Thus it was, Sir, that the church was nourished, propagated, and defended, in her primitive days. The Bible was the charter of her rights, and the umpire of her decisions. To this she always appealed, and never appealed in vain. But the day of her trial was rapidly approaching. By the eruption of the Northern hordes of Barbarians, the Christian world was thrown into utter confusion, and rapine and ignorance pervaded the western empire. The lukewarmness
of Christians had already become very general, their first love had grown cold; orthodoxy had been made a substitute for piety; and the direful judgment which followed seemed to justify the declaration of Attila, ihe leader of the Huns, that he was indeed "the scourge of God.” Amidst the calamities of this most disastrous period of the world, when whole libraries became a prey to devouring faines, we may readily itnagine, that many of the comparatively few copies of the Scriptures were lost or destroyed.
The conquerors, it is true, shortly after einbraced the religion of the vanquished; but this instead of diminishing, only increased the evil. The circulation of manuscript copies of the Scriptures could bear no proportion to the increase of nominal christians, and such was the general ignorance that prevailed for many centuries, that the greater part of those who could afford to purchase any of these copies were unable to read them. But when we know, moreover, from authentic records, that, in addition to the difficulties in ob taining copies of the holy Scriptures, the reading of them was prohibited under the heaviest censures of the church, we may readily conceive what an overwhelming deluge must of course have inundated all the regions of Christendom, tearing up the foundations of faith, and demolishing all the enclosures of virtue; and exbibiting in every quarter the marks of desolation. Sir, it would be painful to myself, and I trust irksome to this assembly, to dwell in detail on these disastrous times. Their history may be read in the affecting and pious lamentations of those who witnessed them—in the writings of a Bernard, and other boly men, who occasionally illumined the dismal gloom, and who deplored, with aching hearts and streaming eyes, the mental and spiritual famine around them; wbile, strange as it may seem, a dearth of the bread of life, the only source of these disorders, seldom or never occurred to their minds. Conscious that they experienced in themselves that “the gospel is the power of God untu salvation," but intent at the same time upon certain observances, wbich it neither enjoins nor countenances, they erroneously imagined that with the majority of Christians the latter might serve as a substitute for an accurate knowledge of the former. They did not reflect, that by the Bible the Spirit of God bas guided the Christian church into whatever truth she has at any time known and believed ; that by this book He has convinced the world of sin, and justified the Son of Man from the malicious slanders of his enemies; that by this book he consoles us for the absence of our Lord, and instructs us in things to come ; that by this he reigns; and that where this is found, his kingdom reaches also; that by this weapon, proceeding from the mouth of God, shall the enemies of bis Christ be at length extirpated from the world; and that by this we may conclude, as by the rule of God's approbation, shall ihe secrets of all hearts be finally made known, in that day when "whosoever is not found written in the book of life shall be cast into the lake of fire.”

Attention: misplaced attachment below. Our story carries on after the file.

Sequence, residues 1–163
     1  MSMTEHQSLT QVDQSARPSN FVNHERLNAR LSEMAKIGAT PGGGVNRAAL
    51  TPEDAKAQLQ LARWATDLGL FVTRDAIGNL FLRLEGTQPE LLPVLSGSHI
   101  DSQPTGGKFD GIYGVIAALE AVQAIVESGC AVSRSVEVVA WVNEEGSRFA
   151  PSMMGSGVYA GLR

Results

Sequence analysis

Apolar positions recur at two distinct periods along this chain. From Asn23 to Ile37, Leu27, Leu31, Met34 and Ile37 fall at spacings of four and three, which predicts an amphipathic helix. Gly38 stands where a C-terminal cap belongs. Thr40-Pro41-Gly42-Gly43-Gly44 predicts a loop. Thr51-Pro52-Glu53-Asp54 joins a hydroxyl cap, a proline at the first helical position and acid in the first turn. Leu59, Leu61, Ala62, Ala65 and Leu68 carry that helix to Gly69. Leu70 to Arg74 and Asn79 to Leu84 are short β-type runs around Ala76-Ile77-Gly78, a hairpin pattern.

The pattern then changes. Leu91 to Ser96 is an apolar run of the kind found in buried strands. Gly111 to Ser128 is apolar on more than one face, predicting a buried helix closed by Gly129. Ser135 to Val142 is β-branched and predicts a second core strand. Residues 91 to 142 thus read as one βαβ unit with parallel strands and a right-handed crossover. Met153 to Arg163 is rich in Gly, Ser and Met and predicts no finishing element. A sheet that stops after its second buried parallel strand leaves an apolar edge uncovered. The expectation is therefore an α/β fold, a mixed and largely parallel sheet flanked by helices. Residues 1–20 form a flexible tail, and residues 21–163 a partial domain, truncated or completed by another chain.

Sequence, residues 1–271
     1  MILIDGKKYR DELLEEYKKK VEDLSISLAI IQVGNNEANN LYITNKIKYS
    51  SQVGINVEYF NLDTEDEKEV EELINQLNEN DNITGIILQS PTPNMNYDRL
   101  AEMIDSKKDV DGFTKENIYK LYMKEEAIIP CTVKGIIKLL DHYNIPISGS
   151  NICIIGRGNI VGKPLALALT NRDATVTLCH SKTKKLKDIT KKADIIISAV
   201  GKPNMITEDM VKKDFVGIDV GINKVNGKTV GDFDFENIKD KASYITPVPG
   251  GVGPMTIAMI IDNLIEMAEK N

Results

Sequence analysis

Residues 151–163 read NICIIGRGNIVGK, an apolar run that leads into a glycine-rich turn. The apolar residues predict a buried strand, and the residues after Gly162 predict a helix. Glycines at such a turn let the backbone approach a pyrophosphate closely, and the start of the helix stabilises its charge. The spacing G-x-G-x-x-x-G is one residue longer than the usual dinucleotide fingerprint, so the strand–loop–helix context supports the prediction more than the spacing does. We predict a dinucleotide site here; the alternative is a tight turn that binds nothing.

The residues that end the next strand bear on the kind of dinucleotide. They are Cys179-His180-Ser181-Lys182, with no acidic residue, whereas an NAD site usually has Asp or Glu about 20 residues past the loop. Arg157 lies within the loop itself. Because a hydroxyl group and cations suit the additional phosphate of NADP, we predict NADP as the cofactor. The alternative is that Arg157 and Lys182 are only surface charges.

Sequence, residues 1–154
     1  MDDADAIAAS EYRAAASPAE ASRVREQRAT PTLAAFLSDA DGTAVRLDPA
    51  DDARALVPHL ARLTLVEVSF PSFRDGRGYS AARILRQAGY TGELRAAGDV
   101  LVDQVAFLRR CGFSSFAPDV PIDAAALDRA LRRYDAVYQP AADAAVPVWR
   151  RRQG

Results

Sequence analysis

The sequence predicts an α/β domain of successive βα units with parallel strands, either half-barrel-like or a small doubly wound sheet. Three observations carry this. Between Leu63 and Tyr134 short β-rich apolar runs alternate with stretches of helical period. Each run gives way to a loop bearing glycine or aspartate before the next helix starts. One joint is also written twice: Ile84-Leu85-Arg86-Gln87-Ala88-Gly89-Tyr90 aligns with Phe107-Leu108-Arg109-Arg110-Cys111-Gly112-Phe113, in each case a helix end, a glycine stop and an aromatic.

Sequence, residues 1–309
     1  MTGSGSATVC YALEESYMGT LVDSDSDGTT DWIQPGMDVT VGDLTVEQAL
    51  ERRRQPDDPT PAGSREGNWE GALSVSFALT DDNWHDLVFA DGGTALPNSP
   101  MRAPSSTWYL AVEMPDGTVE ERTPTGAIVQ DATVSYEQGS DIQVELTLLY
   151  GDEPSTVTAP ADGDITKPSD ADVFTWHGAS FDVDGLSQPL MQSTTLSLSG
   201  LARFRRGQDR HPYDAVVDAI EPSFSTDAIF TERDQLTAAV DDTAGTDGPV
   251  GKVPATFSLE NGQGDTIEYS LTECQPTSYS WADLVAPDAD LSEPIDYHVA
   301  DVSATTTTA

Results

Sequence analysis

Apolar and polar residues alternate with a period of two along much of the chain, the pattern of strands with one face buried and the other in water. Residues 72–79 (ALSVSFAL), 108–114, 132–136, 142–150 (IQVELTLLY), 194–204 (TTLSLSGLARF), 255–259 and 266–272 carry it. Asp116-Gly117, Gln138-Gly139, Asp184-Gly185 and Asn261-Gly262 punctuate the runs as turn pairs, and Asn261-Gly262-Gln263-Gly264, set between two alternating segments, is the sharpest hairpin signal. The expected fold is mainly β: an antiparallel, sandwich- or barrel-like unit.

Upon the whole, Sir, I think we may fairly conclude, that to this in